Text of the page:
Why worry about substance abuse prevention? The sobering statistics make it clear: Each year the abuse of illicit drugs and alcohol contributes to the death of more than 100,000 Americans and tobacco to the death of an estimated 440,000 more, according to the National Institutes of Health.
To find out what you can do if you're worried about substance abuse in the family (and the need for a drug or alcohol treatment facility in a loved one's future), Family Goes Strong talked with Harvard psychiatrist J. Wesley Boyd, author of Almost Addicted: Is My (or My Loved One's) Drug Use a Problem. Excerpts:
You write that being close to your spouse helps prevent problems. Why?
Having close healthy relationships in general is tied in with less substance use. The big issue behind recovery is attending to one's health broadly and living a healthy life. Bad habits tend to run in clusters. Even eating a better diet has been shown to correlate with less substance abuse.
In your book, you talk about hosting a graduation party for an entire class and getting in trouble when some underage guests drank despite your written and verbal instructions that alcohol was prohibited. What's your advice to other parents?
Looking back, we were hopelessly naïve. The fact that I, being in this field and even working in adolescent substance abuse, could be so duped — I do put that story in there to caution everybody. You need to be more vigilant than you think and trust less than you might.
Why is it so easy to miss the signs of substance abuse in friends and family members?
Individuals more often than not will deny that they're using or that their use is problematic. We want to see the best in our friends and loved ones. That often means we're prone to overlook bad habits in general. With substance use, we just encourage people to be as honest with themselves as possible and as honest in assessing their loved one's drug use. To get it away from thinking about the person as being good or bad, you have a bunch of questions you can just ask.
What is the most important question people can ask themselves or their loved ones?
Has any area of my life suffered as a result of my drug use? I'm talking about any kind of drug of abuse, including alcohol, marijuana, and any other kind of drug that gets abused.
How do family members know whether a situation warrants an "intervention"?
Often the answer is not clear. I come back to the basic questions of is there any part of your life or your loved one's life that is vital to their well being that is in jeopardy as a result of the substance use? Is your housing in jeopardy? Is your health in jeopardy? Is your job on the line? Is your ability to stay employed on the line? If any question like that is in the affirmative, then action needs to be taken immediately. If there is any large part of your life in jeopardy, I would say action needs to be taken.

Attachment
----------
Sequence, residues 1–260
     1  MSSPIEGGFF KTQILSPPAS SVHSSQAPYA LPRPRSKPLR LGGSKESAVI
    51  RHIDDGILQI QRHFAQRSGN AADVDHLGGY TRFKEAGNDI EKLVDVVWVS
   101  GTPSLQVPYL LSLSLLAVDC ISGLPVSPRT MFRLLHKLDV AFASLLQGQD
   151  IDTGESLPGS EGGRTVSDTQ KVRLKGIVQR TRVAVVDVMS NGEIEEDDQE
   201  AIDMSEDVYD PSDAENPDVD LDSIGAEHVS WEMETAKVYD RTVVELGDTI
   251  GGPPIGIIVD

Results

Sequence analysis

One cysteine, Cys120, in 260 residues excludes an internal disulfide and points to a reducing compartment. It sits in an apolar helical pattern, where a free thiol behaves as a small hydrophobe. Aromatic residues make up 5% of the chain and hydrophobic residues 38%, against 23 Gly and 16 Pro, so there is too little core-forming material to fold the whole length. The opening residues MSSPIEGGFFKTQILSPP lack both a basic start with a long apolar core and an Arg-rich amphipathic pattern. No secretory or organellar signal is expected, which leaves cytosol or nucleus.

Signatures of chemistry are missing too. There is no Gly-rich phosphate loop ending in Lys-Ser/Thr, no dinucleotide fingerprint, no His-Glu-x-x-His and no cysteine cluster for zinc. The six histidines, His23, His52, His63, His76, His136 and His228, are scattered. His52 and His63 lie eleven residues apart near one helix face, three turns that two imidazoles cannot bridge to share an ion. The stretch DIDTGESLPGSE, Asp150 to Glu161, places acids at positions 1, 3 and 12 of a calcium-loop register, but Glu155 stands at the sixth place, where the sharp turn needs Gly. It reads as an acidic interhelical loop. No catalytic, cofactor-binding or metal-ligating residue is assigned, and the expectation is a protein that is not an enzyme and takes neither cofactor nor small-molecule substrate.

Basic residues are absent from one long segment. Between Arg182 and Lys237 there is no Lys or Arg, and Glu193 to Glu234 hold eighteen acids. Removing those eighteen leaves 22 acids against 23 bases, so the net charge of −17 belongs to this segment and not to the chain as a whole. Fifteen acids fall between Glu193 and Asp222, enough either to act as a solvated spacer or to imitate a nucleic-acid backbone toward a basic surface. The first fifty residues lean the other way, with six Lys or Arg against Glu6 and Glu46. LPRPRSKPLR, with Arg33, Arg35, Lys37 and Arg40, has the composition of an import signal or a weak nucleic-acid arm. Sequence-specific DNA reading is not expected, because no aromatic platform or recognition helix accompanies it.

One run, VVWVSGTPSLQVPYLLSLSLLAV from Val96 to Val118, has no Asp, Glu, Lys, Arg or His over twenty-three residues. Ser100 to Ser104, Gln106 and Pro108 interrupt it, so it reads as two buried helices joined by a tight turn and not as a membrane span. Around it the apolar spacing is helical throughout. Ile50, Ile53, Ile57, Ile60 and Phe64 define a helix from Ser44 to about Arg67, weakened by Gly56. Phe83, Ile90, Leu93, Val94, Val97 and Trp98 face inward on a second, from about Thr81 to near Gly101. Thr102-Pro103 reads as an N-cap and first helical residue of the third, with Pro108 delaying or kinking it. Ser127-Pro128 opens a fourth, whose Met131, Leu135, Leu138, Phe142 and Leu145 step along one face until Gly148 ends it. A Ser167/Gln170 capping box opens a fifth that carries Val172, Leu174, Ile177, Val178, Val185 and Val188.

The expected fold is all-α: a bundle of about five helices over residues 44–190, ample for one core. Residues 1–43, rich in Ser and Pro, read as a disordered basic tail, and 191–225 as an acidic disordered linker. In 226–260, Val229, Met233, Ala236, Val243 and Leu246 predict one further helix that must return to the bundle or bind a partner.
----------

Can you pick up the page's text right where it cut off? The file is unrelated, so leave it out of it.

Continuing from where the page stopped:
Why do people so often overlook problems?
I's a lot easier to look outside than to look inside. It's easier to focus on what terrorist organizations might be doing, as opposed to looking in the mirror and saying, "I'm smoking cigarettes or drinking in an inappropriate manner, and these are the two biggest killers in the world." It's a lot easier to worry about things that are in the news as opposed to looking at our own bad habits, which are much more likely to do us in or cause us harm.
What about substance use over the holidays?
I've never looked into whether or not people are more likely to use or abuse intoxicating substances over holidays. I've seen a number of people for whom the holidays are not joyous. I know lots and lots of people who suffer, get depressed, get down, and feel anything but joyous. Because so many people find holidays difficult, it would not surprise me if they were more likely to turn to substances. Holiday periods, given how hard they are for so many people, probably warrant increased vigilance around substance use. The way that holidays are portrayed is they're joyous. There's so much hype about how wonderful they are, but if your life is not wondrous, it makes it that much harder for people who are suffering in some ways.
How do people know when they or a loved one should see a professional?
Even though we're far ahead of where we were 40 years ago, there is still a stigma to seeking out mental health care in many parts of the country. For people who feel that way, who are hesitant to go in to see a mental health professional, reaching out to others, like a primary care physician, like a clergy, going to self-help meetings, can be a path toward getting healthy.
For more stories about healthy families, read: